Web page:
The Impact of Mycorrhizal Networks on quercus rubra Seedlings Recruitment
1. Introduction: Mycorrhizal fungi are ubiquitous plant mutualists and can form mycorrhizal networks (MNs), consisting of fungal hyphae that connect plants of the same and different species. The degree to which the MNs of adult trees facilitate or inhibit other plants, specifically seedlings, is unclear.
2. Research Objective: This study examines how the MNs associated with different species of adult trees affect mycorrhizal colonization, growth, survival, and root fungal community of Quercus rubra seedlings, an ectomycorrhizal (EM) tree species.
3. Methods: Seedlings were planted under four adult tree species: Q. rubra, Q. velutina, Acer saccharum, and Carya glabra. Two thirds of the seedlings were grown in micromesh bags. Seedlings were separated into treatment groups: no bag control (C), bagged control (BC), and disturbed (D). C and BC groups were grown undisturbed. Seedlings in the D group had their connection to the MNs consistently disrupted. Seedlings were collected at the end of the growing season. A subset of the seedlings was examined for EM colonization, and all colonized tips were collected. Collected tips had fungal DNA sequenced to determine the EM community.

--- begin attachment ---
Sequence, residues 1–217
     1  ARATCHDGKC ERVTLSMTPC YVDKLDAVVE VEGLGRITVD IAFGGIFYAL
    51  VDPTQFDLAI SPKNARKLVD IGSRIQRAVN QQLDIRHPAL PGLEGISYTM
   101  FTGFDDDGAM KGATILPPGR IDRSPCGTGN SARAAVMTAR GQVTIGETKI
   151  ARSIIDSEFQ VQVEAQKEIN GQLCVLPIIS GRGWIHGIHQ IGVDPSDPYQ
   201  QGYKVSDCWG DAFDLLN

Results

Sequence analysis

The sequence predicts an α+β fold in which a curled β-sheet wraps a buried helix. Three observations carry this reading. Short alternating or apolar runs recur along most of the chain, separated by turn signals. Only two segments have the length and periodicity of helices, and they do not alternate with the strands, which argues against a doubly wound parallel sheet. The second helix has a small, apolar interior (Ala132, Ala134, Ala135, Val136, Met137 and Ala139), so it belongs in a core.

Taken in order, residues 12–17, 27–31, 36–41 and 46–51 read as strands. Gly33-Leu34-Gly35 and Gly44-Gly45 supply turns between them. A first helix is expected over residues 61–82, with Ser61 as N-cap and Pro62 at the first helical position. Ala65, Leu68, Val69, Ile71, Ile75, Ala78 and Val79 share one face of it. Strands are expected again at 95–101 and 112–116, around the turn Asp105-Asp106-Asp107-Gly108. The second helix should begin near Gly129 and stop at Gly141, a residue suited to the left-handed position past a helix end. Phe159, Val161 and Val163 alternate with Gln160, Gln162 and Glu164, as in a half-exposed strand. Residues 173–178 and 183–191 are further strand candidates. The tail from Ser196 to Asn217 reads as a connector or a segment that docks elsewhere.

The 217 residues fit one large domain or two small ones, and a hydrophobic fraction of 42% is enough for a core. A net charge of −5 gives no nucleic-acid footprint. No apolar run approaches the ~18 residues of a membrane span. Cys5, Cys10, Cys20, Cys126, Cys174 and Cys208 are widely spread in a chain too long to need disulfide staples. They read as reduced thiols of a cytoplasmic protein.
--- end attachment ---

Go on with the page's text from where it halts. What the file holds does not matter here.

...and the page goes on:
4. Results: Seedling survival in the D treatment group was negatively impacted by mycorrhizal colonization, while survival in the control groups, BC and C, was unaffected. D seedlings were colonized by a different suite of EM taxa than control seedlings. Our data indicate that that MNs have a positive impact on Q. rubra seedling recruitment regardless of the species of adult tree a seedling is grown under. This work represents an important additional step in advancing our understanding of the role that mycorrhizal MNs play in how temperate forest communities assemble.